What separates the center from other clubs is that its mission was outlined by a Japanese Go master who, as the story goes, was so moved by what he saw in Hiroshima's aftermath that he hoped to save the world with the game he loved. On its outside wall, frozen in time over a University District parking lot, is a super-sized Go board, a snapshot from a game played near Hiroshima on the day the bomb was dropped.

It was the second day of tournament play. Down came the bomb, 8 miles away. Windows shattered; board and pieces flew to the floor. Air raids had been happening all the time, so the players picked up and went on.

Hours later, refugees came streaming by the tournament site. "One of the players was Kaoru Iwamoto," says Boley, ranked 6 dan (Kirschner is even higher, at 4 dan). "He thought then that something needed to be done to promote peace in the world. He believed Go was one way to do that."

Decades after the war, as a successful Tokyo property mogul, Iwamoto used his wealth to launch four international Go centers. His hope was that people would learn and play the game and also achieve global understanding; Go's structure and philosophy are said to echo Eastern-culture styles and strategies.

First came Rio de Janeiro, then Amsterdam; then, in 1995, Seattle and New York City. (Iwamoto died in 1999.) The Seattle Go center is just off Interstate 5 on the top floor of a drab office building; by design, it feeds off the rent paid by the printing business downstairs.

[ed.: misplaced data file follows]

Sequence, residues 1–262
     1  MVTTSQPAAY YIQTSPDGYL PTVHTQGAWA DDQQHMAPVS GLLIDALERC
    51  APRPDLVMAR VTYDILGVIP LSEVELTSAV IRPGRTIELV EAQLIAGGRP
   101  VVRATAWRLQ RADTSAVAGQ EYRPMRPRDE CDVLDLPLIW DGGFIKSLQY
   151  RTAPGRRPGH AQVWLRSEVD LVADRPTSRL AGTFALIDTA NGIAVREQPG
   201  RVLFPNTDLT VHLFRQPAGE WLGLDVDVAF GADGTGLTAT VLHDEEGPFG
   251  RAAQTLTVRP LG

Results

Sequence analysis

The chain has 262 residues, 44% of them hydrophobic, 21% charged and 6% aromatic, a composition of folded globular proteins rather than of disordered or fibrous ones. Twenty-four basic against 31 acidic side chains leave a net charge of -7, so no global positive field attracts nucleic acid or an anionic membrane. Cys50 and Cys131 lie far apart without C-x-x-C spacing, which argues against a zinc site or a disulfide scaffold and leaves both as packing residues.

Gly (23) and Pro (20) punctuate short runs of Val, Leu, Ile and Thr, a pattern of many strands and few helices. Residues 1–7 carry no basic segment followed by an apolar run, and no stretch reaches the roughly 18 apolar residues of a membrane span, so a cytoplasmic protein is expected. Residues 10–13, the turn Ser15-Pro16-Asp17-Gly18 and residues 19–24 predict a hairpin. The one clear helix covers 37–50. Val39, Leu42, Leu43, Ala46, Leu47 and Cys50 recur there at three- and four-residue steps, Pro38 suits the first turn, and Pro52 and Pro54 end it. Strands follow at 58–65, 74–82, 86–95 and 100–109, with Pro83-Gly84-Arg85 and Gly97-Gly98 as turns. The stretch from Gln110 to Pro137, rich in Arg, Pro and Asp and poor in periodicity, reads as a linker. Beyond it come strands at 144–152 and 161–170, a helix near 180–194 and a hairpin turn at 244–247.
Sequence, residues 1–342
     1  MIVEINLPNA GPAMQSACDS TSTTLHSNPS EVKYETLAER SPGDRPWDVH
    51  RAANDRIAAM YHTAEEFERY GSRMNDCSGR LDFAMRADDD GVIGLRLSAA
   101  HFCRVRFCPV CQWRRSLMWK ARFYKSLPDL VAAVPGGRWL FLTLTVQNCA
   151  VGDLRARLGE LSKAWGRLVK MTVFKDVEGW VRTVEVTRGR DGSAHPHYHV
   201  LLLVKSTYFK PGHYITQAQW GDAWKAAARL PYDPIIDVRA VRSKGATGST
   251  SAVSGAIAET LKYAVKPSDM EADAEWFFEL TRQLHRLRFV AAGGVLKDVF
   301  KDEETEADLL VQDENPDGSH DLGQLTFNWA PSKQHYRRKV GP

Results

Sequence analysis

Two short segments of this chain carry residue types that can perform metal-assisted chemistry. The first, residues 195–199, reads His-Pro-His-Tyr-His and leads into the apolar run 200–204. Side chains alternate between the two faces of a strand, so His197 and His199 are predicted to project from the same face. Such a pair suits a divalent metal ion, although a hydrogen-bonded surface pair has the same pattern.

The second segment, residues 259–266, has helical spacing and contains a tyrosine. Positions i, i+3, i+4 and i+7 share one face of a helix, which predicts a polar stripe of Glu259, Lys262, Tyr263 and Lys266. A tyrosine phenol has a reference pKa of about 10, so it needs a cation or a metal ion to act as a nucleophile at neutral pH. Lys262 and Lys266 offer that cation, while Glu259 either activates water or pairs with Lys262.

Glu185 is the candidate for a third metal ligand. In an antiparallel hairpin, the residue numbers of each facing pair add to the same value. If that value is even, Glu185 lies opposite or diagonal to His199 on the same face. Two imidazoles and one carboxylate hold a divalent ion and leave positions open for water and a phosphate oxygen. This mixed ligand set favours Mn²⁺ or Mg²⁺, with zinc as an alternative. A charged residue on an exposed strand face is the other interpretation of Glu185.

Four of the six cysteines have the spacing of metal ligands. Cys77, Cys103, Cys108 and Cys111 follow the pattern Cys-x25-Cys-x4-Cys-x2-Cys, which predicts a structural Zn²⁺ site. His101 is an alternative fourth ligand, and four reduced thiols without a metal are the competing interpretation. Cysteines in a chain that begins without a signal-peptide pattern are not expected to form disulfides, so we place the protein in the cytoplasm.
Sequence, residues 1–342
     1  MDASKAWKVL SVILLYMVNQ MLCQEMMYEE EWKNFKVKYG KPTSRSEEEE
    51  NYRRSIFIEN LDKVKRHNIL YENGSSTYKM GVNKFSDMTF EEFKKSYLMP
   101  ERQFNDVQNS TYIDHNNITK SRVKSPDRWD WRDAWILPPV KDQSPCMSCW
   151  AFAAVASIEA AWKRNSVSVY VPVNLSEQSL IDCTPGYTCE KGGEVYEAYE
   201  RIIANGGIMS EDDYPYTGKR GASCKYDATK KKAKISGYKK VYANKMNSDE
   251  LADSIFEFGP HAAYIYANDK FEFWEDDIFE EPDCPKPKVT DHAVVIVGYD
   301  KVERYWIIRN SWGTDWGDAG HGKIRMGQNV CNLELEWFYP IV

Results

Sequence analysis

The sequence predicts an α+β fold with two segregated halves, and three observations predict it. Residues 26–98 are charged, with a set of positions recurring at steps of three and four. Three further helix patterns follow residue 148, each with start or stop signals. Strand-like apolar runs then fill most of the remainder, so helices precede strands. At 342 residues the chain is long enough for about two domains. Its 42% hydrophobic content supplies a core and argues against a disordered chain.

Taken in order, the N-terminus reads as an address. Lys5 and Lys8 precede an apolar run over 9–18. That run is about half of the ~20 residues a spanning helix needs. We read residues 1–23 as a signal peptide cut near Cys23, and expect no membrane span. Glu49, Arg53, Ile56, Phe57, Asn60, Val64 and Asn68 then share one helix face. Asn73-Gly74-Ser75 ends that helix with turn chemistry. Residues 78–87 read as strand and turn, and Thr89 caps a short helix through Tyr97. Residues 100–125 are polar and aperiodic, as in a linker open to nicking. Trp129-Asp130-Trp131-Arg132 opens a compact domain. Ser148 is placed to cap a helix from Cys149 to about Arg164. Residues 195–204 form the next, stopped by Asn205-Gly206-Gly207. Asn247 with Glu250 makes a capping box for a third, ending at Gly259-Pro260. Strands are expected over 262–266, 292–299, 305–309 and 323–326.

Scoring with kids

Slightly elevated and set apart from the main area is the straw-matted Tatami room, for ultimate peaceful play. With a pair of ottoman-size Go boards and floor cushions for sitting, such rooms are standard for senseis, or teachers, and a requirement spelled out by Iwamoto.

Luke and his 8-year-old pal head straight for the Tatami room, and Boley laughs. "The truth is, it's most appealing to kids," he says. "Most adults don't like the concept of going in and sitting on their knees."

Last year, Luke's parents started a Go club at Stanford International, inspired by a 25-year-old Korean pro — ranked 6 dan — who'd lived with them on a student exchange. The school's international focus made the game a good fit.

The Go center works with clubs at four elementary schools and two high schools. The longest-running is at Beacon Hill's Kimball Elementary, where instructor Carter Kemp was once named AGA teacher of the year. Meanwhile, 42 kids showed up for the inaugural meeting of a new Go club at Tacoma's Sheridan Elementary this month.

"We don't try and teach kids younger than 4, and even that's a little dicey," says AGA president Kirschner. "The absolute rule is that if the kid thinks the stones are for eating, they can't play."

But as with ballet and gymnastics — and, though he does not mention it, chess — children are ripe for displays of staggering talent. In Korea, Kirschner once lost against an 8-year-old girl who correctly anticipated a 30-move sequence he had not. As a youngster, Janice Kim of Illinois was sent to study at the Go academy in Seoul; she turned pro at 17, now teaches at the New York Go Institute and founded Samarkand.net, an Internet source of Go products where glossy game boards can run higher than $1,000.